Under the Consumer Rights Directive (and the UK Consumer Contracts (Information, Cancellation and Additional Charges) Regulations 2013), a trader must ensure that, when a consumer places their order, they explicitly acknowledge that placing the order entails an obligation for the consumer to pay the trader. 

If placing the order involves activating a button or similar function, the trader must label that button or function in an easily legible manner with the words "order with obligation to pay" or a similar unambiguous formulation indicating that placing the order involves an obligation to pay the trader.

This sort of wordy messaging can make for a very elongated order button! So traders usually resort to more succinct messages such as “pay now”. Where there's no immediate obligation to pay - perhaps because there's an initial free trial - the button would obviously need to say something a little different. But what do you say if the obligation to pay is contingent on something else happening - so that if that thing doesn't actually happen there is in fact no obligation to pay anything at all? 

This question arose in a recent case in Germany.

A tenant had rented an apartment and the monthly rent for the apartment was higher than the maximum permitted by national law. Consequently, the tenant asked a debt recovery agency to request his landlords to repay rent overpayments. To engage the debt recovery firm, he placed an order through their website. Before clicking on the order button, he ticked a box to accept the debt recovery agency’s terms and conditions. Under those terms and conditions, tenants must pay the agency a third of the annual rent saved if the agency is successful in reclaiming their rent.

A dispute arose between the debt collection agency and the landlords. The landlords argued that the tenant did not give the service provider proper authorisation to act on his behalf. This was because the order button was not labelled with the words “order with obligation to pay” (or a corresponding formulation), as required by the legislation.

The question then arose as to what should happen when the obligation to pay is subject to satisfying a condition - in this case, payment by the consumer was only required if the trader successfully recovered rental overpayments from the landlord on the consumer’s behalf.

The German courts referred the issue to the CJEU. 

The CJEU ruled that the order button, or a similar function, must clearly indicate that, by clicking on it, the consumer assumes an obligation to pay. This applies even if the obligation to pay depends on satisfying a subsequent condition. Under the legislation, the trader must inform the consumer before they place an online order that when they place the order they will take on an obligation to pay. The trader’s obligation applies regardless of whether the consumer’s obligation to pay is unconditional or whether the consumer is required to pay the trader only after a subsequent condition has been satisfied. If the trader has not complied with its obligation to provide information, the consumer is not bound by the order. However, the CJEU said that there is nothing to prevent the consumer from confirming his or her order regardless.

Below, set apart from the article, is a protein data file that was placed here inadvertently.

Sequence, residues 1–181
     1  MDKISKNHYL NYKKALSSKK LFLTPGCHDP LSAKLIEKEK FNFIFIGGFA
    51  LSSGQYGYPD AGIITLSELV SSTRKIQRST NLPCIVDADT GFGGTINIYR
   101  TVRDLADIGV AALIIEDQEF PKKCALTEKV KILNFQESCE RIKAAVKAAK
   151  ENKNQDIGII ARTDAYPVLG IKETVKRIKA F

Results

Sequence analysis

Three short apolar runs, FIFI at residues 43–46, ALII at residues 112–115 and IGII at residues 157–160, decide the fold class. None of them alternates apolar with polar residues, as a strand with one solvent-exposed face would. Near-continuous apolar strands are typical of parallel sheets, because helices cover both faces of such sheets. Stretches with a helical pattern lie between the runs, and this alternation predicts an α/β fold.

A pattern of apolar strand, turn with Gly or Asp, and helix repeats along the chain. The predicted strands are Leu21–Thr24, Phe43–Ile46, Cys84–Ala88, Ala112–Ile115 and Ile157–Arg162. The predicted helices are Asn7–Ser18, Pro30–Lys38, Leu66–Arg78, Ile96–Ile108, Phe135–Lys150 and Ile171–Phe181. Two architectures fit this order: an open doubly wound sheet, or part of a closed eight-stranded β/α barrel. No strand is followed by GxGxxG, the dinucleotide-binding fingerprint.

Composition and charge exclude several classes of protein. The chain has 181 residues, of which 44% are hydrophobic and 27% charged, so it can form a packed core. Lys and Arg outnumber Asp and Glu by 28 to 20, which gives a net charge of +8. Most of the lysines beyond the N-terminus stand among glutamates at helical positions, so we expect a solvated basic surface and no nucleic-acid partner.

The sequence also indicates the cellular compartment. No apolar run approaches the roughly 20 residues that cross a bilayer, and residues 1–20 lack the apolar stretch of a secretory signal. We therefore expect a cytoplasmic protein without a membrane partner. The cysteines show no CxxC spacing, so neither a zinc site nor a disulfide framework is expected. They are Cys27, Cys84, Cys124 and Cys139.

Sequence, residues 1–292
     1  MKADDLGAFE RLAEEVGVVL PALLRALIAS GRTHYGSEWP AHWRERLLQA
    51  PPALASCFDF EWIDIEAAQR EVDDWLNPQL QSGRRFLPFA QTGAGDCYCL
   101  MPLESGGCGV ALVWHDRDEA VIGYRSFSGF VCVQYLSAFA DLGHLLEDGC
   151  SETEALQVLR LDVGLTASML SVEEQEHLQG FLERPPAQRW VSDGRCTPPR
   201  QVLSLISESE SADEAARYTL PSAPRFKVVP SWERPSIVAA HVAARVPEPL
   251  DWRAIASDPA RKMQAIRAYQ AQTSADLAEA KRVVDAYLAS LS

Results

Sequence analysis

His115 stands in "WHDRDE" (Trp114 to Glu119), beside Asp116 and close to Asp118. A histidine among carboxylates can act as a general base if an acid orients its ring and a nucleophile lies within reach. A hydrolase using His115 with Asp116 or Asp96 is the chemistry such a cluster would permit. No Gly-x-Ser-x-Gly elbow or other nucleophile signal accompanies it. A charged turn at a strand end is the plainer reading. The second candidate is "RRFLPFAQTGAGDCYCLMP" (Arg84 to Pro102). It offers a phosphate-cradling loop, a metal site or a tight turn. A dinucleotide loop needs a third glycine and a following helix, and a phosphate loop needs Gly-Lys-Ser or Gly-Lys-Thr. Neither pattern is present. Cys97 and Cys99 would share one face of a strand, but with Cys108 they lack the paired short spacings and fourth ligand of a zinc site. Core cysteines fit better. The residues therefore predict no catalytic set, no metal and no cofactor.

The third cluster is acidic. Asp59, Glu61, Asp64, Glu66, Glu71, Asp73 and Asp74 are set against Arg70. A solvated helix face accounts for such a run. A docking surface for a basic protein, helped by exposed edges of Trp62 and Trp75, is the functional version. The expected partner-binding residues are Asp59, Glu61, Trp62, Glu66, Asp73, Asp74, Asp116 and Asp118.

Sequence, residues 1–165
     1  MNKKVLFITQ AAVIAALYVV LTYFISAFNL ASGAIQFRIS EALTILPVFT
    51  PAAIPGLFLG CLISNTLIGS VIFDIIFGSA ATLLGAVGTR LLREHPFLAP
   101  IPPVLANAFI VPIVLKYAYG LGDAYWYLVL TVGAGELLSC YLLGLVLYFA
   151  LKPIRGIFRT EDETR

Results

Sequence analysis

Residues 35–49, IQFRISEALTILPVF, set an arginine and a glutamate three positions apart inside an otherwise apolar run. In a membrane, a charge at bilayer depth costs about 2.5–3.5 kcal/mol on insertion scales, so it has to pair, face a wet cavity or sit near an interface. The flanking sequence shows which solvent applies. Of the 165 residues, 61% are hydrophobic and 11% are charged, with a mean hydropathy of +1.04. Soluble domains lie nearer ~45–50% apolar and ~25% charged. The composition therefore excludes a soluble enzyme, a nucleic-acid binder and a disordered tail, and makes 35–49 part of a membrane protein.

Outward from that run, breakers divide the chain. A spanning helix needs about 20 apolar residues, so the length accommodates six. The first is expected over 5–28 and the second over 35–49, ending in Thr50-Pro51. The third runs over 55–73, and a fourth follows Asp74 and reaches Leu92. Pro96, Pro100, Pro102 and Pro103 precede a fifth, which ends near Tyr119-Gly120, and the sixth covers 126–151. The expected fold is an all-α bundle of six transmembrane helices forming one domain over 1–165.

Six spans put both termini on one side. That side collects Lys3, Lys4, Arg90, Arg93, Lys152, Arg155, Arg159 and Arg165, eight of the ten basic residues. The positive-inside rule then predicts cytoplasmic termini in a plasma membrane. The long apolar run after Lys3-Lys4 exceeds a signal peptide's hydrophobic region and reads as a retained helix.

This is a good example of how strictly the courts interpret the information obligations in the Consumer Rights Directive and in the UK’s Consumer Contracts Regulations. But also that the courts will always consider these sorts of questions in light of the underlying purpose of the legislation - i.e. to achieve a "high level of consumer protection”. 

So there really is very little wriggle room for traders when it comes to things like the order button messaging or, indeed, when providing pre-contract information such as about a consumer’s cancellation rights, or obtaining the requisite consents/requests for providing services during the cooling-off period. It really is a case of dotting all the “i's and crossing all the “t”s. Because getting these things wrong in the terms and conditions and the consumer purchase journey can result in the consumer not being bound and the trader not being paid.